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Old 03-27-2015, 08:14 PM
brickbacon is offline
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Join Date: Nov 2004
Location: Washington, DC
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Quote:
Originally Posted by Do Not Taunt View Post
But, in addition to the timing point you raise, there's the point that Jay wasn't charged for it (I'm not sure on Maryland law specifically, but states charging defendants for their public defenders' time is consistent with Gideon), and the DA arranged for him pro bono representation.
Again, you are incorrect. Jay's attorney wasn't a public defender, and thus would in most cases not be paid at all. The DA did not arrange for pro bono representation, he asked a lawyer he knew to meet with Jay. Jay's lawyer testified that she didn't agree to represent him until after meeting with him. To quote the Jay's testimony from Adnan's initial appeal:

Quote:
Originally Posted by Syed Appeal
Wilds testified the he was first given his charging documents, and then taken up to meet the prosecutor, who introduced him to his attorney. Wilds also explained that his attorney ,"wasn't forced on me. It wasn't like they said, this is your lawyer. They asked me, they said well, you can meet with her and see if you want her to be your lawyer."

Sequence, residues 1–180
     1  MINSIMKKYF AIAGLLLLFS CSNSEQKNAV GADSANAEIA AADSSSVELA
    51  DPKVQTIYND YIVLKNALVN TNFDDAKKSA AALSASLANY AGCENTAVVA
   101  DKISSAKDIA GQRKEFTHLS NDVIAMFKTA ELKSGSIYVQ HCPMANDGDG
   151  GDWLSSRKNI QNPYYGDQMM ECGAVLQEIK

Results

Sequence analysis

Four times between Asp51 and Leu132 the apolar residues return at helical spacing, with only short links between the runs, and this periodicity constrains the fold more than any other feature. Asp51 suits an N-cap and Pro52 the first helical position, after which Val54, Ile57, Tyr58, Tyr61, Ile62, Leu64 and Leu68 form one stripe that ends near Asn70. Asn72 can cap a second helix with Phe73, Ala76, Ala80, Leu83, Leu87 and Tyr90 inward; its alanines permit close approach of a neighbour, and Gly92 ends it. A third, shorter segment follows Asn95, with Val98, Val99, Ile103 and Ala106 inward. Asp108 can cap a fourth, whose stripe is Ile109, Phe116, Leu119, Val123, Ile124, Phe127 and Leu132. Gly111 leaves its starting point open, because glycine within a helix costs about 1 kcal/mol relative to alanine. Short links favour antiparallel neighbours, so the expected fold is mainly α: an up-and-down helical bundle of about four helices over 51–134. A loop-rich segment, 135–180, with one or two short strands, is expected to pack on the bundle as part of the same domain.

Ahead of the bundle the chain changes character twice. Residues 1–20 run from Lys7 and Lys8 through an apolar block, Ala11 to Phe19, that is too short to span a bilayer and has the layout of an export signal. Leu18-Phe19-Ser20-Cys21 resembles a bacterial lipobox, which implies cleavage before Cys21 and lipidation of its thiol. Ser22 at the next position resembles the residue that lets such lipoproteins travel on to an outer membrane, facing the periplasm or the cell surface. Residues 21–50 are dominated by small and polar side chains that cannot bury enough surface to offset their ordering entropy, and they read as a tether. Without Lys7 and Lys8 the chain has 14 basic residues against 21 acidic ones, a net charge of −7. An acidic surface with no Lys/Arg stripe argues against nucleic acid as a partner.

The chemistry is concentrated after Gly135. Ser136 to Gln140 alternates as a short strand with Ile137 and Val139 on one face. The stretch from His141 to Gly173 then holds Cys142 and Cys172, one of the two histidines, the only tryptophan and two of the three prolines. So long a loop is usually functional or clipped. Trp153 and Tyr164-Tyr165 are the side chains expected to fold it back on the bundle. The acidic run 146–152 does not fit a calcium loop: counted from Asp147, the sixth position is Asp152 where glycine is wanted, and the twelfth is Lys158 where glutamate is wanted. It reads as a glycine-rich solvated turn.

Wilds testified that his attorney told Judge McCurdy that she had been contacted by the State and that she looked at Wilds' case before deciding whether to take his case.

... his attorney informed Judge McCurdy that she came to represent Wilds because "she does pro bono work and that she found a case where she felt there was a need where someone needed help"
The above is largely the reason his appeal claims on that issue were rejected. That and the fact that the jury was told about this fact during the trial.

Quote:
Originally Posted by Do Not Taunt View Post
He did not go through the public defender program. That's why the judge agreed Jay received a benefit (ie, was paid.)
First, "received a benefit" doesn't mean he was "paid". I don't know why you keep repeating this absurd claim. Second, he couldn't get a public defender because he had not yet been charged. That issue had nothing to do with any benefit he may have received. He was likely not charged initially for a number of reasons that have nothing to do with him feeling obligated to set up Adnan.

The reality is that Jay gave his statements, which implicated him in a murder, to the police prior to getting a deal. Any benefit he received was not a prerequisite for testifying against Adnan. That's why the judge and the appeals court agreed that the state's "procurement" of Jay's lawyer didn't taint his testimony.

Quote:
Originally Posted by Do Not Taunt View Post
They lucked out and caught a jury that didn't really care and let their biases slip into their decision making against the judge's instructions. But it should bother all of us that the state can do such a sloppy job and get a conviction at the end. And that should bother us regardless of how much we think Adnan 'did it', because it contradicts our ideals of how our criminal justice system should work: that defendants are supposed to have the presumption of innocence, they they should have an unbiased jury, and that the state is supposed to meet a high bar of burden of proof. Sadly, I didn't see any of that happen here.
Did you read the TRIAL transcripts? If not, why do you feel qualified to judge this?